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Nobody Walks by Fall On Your Sword (Review)

posted Oct 17, 2012, 10:10 PM by Kaya Savas

The last album I reviewed by Fall On Your Sword was Lola Versus, and I really loved that score. This film deals with complex relationships, marriage, sexuality and primal urges. The music reflects the humanity in the film very intimately, and the composing duo adds their stylistic touch to the story. The opening titles a very similar to the way the duo started off Lola Versus, but within the second track we are dropped into a world of beautiful layers and textures. This a heavy film and it deals with heavy subject matter, and the music does an amazing job of reflecting that.

Fall On Your Sword's sound is very unique and it's very modern as well. The music for Nobody Walks works in a minimal fashion with tracks that build but also float. This creates an emotional flow that is hard to describe in writing and really requires a listen. The best way to describe this score is that it's a series of quiet and intimate moments. I wouldn't call it ambient but it has a sort of spacious quality to it. The music exists and as I start listening to it I become lost in my own mind. It's an amazing key to your own thoughts and for that I can say I will be using this score to help me do some writing in the future. It's very rare to find a score that actually evokes emotional thoughts like this one, and when I say emotional I mean more so something you can experience on a sensory level than just a random thought. When my eyes closed I saw a person looking back at me, communicating with their eyes. I saw an empty road. Images that are vivid enough to build narrative moments, which is why the score works so well and does an amazing job of telling a story. By the time the score ends you will not have only gone on a meaningful journey, but you will have taken a quick look inside yourself as well.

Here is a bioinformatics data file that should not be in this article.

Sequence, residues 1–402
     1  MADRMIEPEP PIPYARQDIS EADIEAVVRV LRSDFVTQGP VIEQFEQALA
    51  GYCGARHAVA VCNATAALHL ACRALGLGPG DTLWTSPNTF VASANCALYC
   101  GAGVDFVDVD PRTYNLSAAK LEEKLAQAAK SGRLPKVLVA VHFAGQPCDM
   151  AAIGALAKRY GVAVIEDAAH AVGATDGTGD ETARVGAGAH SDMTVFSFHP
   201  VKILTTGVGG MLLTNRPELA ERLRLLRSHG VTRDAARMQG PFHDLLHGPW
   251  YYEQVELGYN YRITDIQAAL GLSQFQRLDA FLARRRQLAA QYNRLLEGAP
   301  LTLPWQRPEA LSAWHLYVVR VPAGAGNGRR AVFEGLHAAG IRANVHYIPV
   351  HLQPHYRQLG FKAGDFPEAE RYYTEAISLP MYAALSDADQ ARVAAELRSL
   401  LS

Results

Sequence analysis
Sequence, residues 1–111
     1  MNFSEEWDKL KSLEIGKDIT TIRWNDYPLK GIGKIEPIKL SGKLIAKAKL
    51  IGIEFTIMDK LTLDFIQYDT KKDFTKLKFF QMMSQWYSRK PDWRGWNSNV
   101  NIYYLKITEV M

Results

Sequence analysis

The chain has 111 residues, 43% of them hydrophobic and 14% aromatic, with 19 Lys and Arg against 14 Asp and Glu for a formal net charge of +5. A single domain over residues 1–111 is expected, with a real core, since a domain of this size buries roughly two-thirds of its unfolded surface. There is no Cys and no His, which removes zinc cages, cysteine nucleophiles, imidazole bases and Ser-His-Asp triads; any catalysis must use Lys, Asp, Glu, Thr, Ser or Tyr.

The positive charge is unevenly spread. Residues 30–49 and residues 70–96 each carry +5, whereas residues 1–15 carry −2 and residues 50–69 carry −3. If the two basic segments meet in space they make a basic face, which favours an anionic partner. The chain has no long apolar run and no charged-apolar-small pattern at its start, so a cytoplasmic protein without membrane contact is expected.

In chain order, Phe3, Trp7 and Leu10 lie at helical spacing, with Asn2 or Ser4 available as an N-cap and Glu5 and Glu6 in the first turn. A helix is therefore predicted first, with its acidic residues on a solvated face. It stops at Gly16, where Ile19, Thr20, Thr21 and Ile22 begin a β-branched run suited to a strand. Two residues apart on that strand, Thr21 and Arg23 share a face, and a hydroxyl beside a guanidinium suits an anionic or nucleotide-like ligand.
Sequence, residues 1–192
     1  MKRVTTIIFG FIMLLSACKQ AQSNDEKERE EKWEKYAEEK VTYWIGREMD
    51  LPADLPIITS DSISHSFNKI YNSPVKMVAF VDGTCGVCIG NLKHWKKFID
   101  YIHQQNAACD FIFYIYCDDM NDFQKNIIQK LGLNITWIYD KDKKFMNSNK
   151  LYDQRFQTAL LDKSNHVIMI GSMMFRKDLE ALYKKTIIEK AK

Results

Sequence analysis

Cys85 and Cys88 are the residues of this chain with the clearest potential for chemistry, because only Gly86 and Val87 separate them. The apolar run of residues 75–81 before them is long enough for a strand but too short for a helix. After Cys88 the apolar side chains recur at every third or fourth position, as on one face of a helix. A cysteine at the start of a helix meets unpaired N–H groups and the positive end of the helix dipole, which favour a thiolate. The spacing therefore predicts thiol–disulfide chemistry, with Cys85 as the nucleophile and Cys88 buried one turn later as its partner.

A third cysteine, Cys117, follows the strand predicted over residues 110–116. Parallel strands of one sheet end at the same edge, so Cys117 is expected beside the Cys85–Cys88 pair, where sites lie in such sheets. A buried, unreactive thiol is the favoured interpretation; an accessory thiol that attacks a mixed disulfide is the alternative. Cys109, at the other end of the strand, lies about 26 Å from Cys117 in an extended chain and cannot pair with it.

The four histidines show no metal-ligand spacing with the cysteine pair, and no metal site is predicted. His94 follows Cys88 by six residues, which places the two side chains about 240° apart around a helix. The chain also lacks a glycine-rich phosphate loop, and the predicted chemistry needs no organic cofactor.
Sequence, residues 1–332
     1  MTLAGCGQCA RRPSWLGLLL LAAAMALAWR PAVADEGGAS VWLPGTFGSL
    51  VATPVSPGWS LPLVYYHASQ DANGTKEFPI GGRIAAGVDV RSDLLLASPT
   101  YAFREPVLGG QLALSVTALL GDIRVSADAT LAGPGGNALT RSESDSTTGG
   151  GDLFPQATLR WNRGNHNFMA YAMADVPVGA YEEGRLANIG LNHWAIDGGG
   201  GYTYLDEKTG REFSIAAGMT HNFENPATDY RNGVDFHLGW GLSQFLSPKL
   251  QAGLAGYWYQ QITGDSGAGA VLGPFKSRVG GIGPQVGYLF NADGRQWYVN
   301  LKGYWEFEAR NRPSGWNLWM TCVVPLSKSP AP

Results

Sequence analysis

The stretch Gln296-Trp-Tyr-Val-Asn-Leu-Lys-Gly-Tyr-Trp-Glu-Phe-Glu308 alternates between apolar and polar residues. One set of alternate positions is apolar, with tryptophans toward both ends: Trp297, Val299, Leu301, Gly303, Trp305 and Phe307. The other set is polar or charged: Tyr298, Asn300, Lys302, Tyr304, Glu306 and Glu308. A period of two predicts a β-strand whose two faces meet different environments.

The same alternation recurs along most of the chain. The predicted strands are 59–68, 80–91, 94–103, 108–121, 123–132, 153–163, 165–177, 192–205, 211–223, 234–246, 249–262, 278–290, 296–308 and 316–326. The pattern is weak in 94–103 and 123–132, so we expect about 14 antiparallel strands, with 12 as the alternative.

Nobody Walks is a terrific score from the composing duo Fall On Your Sword. It's a score that begs for a little more depth, but the minimal approach works just fine. It only clocks in at around 38 minutes, so the experience is a short one. However, it's in short and precise scores like this that allow you to hear how score does so much with so little. Beauty and depth strive within the music's simplicity and that makes Nobody Walks a score worth experiencing.